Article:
Also, while I’m keen to nominate 5 series that haven’t been recognised before, I have to give an honourable mention to October Daye, which is eligible again and which has only got better and more expansive (the Tybalt Patreon stories have been fab!) over the intervening two years. I hope Seanan McGuire’s blood-drenched changeling knight will have her day, even if I’d prefer to see fresh blood this year while the award is finding its feet.

  2. Hmm … a lot of series I particularly liked this year would be ineligible due to wordcount. I would probably lean towards:

    Wayfarers, Becky Chambers. Charming books with a focus on interpersonal and interspecies relationships, understanding, and misunderstanding. If there were such a thing as cozy space opera, this would be it.

    Alpennia, Heather Rose Jones. The genre of historical Ruritanian girl-meets-girl fantasy novels cannot be a huge one. Even if it was, these books would be its shining exemplars. Intrigue, religion, magic, romance, and more.

    The Shadow Campaigns, Django Wexler. Gripping musket-fantasy novels. Come for the tales of war, revolution, and demons. Stay for the awesome characters.

  3. Three of my five are series you list-Diving, Xuya and Invisible Library. My fourth is Wild Cards. It’s just such a wild ride, with a fascinating concept behind it that I’ll keep nominating it when it’s eligible until it makes the ballot.

    Andrea Cort is one of my candidates for the fifth spot. I might check out Praxis, as I love Williams’s work.

    Here in 3905, all Hugos must go to works featuring our feline overlords.

  4. Although they are not your cup of tea, JJ, I am a big fan of Charles Stross Laundry Files. I don’t read a lot of UF, but the Laundry Files, yes, I make time for, especially as his world has gone further and further toward a Lovecraftian Singularity.

  5. I know you said you don’t like urban fantasy, so I’d like to toot a couple of horns there.

    Kate Daniels by Ilona Andrews (qualifying work: final book in series, Magic Triumphs, 2018)

    This is a fascinating world with an irreconcilable clash between tech and magic, with most of our characters dwelling in the dangerous no man’s land (or being’s, in this case) in between. Kate has grown tremendously from the first book to the last, and she has collected a large found family of great supporting characters. I thought the final book was a bit overstuffed, but it brought the series to a good close.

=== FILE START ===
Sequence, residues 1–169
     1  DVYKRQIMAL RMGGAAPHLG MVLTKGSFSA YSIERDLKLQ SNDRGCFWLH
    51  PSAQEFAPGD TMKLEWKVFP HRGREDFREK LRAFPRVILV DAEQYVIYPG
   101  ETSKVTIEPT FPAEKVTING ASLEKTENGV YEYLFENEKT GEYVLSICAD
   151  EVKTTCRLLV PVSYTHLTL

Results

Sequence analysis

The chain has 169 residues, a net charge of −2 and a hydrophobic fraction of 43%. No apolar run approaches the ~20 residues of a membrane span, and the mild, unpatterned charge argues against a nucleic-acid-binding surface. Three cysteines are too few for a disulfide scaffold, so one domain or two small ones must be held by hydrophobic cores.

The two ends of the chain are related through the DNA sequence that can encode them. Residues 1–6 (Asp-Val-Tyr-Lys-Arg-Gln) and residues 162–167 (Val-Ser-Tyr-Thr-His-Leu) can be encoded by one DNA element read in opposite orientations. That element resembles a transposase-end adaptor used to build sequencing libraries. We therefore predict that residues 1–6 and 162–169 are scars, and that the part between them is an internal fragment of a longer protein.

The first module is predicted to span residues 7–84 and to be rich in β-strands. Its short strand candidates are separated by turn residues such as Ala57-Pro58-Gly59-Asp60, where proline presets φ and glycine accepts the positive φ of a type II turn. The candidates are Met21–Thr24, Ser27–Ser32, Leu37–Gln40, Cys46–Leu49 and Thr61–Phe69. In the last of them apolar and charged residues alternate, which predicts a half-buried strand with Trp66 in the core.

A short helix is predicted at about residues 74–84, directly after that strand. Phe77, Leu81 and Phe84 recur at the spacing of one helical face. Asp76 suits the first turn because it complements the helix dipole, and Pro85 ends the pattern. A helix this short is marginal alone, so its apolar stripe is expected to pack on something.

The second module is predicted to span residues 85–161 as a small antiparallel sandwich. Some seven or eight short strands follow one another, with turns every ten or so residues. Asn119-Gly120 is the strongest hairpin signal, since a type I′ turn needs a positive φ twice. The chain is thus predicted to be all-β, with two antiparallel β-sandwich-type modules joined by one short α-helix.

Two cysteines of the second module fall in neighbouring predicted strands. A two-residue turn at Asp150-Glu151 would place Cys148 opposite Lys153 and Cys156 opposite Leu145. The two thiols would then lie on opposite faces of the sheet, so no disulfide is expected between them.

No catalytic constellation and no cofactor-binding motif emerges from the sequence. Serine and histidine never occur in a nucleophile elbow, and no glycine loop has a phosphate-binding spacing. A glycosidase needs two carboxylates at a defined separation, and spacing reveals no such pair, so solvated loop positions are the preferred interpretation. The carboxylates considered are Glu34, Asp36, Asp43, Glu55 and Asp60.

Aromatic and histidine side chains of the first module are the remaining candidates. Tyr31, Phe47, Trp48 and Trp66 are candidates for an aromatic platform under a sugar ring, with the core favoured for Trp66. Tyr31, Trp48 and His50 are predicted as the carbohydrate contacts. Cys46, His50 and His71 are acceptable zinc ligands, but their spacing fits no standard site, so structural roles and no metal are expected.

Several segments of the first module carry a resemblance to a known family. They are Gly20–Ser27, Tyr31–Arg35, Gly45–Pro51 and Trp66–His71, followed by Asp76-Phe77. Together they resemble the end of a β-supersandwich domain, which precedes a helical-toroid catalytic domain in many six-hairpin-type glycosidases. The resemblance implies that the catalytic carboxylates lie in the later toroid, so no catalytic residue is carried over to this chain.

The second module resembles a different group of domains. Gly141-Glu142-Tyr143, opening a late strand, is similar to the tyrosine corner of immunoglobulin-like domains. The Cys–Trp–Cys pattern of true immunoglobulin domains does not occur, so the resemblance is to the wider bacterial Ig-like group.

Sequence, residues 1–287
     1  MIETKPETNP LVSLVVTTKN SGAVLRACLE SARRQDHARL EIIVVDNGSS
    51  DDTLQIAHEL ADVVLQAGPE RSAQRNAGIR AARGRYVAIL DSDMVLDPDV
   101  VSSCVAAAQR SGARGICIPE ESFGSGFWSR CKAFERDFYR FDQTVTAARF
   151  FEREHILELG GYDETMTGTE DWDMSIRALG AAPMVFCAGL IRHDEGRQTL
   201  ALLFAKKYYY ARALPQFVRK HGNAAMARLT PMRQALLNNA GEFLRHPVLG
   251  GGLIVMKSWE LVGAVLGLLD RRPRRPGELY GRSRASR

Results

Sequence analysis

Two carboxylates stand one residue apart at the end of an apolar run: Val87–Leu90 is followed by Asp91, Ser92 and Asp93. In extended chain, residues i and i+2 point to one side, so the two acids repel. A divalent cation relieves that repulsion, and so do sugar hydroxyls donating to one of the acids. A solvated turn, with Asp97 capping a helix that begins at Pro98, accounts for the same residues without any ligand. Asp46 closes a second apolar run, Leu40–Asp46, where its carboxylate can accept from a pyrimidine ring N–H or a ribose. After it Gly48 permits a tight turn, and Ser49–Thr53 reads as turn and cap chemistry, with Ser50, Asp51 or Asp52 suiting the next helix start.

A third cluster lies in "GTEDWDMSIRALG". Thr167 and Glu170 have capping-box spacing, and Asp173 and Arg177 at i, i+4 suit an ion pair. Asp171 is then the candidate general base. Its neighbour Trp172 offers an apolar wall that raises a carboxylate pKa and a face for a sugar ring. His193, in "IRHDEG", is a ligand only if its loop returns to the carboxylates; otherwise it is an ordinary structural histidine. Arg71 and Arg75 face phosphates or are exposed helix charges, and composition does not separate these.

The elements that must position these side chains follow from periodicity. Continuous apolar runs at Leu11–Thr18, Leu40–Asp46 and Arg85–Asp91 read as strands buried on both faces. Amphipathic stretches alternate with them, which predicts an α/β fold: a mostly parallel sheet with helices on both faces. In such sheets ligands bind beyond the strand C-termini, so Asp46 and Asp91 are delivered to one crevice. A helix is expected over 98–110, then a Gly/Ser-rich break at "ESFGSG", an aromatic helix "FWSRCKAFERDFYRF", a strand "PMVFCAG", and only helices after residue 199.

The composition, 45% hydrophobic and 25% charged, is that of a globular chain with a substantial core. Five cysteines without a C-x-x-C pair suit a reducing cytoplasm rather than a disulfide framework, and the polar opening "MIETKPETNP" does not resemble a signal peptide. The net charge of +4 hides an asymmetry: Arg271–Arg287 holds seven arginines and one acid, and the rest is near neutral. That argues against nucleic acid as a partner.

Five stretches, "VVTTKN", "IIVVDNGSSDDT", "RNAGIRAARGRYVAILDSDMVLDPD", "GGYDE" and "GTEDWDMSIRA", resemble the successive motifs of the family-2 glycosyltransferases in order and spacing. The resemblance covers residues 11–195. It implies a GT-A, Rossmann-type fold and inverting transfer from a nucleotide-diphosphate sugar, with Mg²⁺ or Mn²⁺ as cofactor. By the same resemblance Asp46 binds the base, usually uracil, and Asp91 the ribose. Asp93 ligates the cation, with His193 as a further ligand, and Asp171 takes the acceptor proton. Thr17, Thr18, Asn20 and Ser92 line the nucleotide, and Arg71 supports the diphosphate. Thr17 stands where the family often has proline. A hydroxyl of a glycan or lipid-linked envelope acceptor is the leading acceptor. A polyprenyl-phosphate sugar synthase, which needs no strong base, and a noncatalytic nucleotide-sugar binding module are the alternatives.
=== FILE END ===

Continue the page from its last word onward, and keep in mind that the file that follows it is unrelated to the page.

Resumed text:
Also, the author has spun off a sub-series, the story of Hugh d’Ambray, starting with Iron and Magic, the first novel published this year. This is a planned trilogy, and if the next two books are as excellent as the first, that’s going straight on my ballot when it’s finished.

    The Iron Druid Chronicles, Kevin Hearne (qualifying work, final book in series: Scourged, 2018)

    Whether you like this depends upon your liking stories filled with quips, snark, and pop-culture references. I’m sure this is tiresome for some, but in my case the depth of the worldbuilding won out. Atticus O’Sullivan is a two-thousand-year-old Druid who has survived to the present day mainly by hiding from the legions of gods he managed to piss off during that time–but when the series starts, he finds he can’t hide anymore. Atticus is a deeply flawed character, and the choices he makes over the course of the series only dig him in deeper–and in the final book, he faces the consequences.

    (And whooo, this last book really set the frat boys off. The entry on Scourged at Goodreads is rife with one-stars and whines about SJW’s. Which may elevate the series in some people’s minds–it did mine, at least a bit.)

  6. I’m seconding the recommendation for the Kate Daniels series by Ilona Andrews (Magic Triumphs). It’s one of the IMO best urban fantasy series out there and since the last book (bar spin-off series) appeared in 2018, this may likely be the last chance to honour it.

    Simon R. Green also brought his two urban fantasy series, the Nightside series and the Secret History series, to a joint close in 2018 with Night Fall. Green is massively underrated IMO and once more this may well be the last chance to honour his series, especially since Green isn’t in the best of health.

    These two are definitely on my shortlist with a third spot reserved for the In Death series by J.D. Robb (Dark in Death, Leverage in Death), which I (and my Mom) will keep nominating until it finally makes the shortlist.

    The other two spots on my shortlist are still open. Of JJ’s list, the Hail Bristol and Kylara Vatta series are also on my personal longlist, as is the Wayfarers series by Becky Chambers, which Kyra suggested above.

    Other titles on my longlist are:

    The Machineries of Empire trilogy by Yoon Ha Lee (Revenant Gun). I’m a big fan of this trilogy, though the chances of the individual volumes winning a Hugo were hampered by the fact that they happened to be published at the same time as The Broken Earth trilogy.

    The Liaden Universe series by Sharon Lee and Steve Miller (Neogenesis). A perennial favourite that deserves more recognition.

    The Alpha and Omega series by Patricia Briggs (Burn Bright): More excellent urban fantasy by another author who’s IMO unjustly overlooked.

    The Arabella series by David D. Levine (Arabella, Traitor of Mars). It’s Horatio Hornblower/Patrick O’Brien crossed with Jane Austen set in a solar system that never was where airships travel between the planets. It’s great fun and Arabella, Traitor of Mars is also on my longlist for the Lodestar.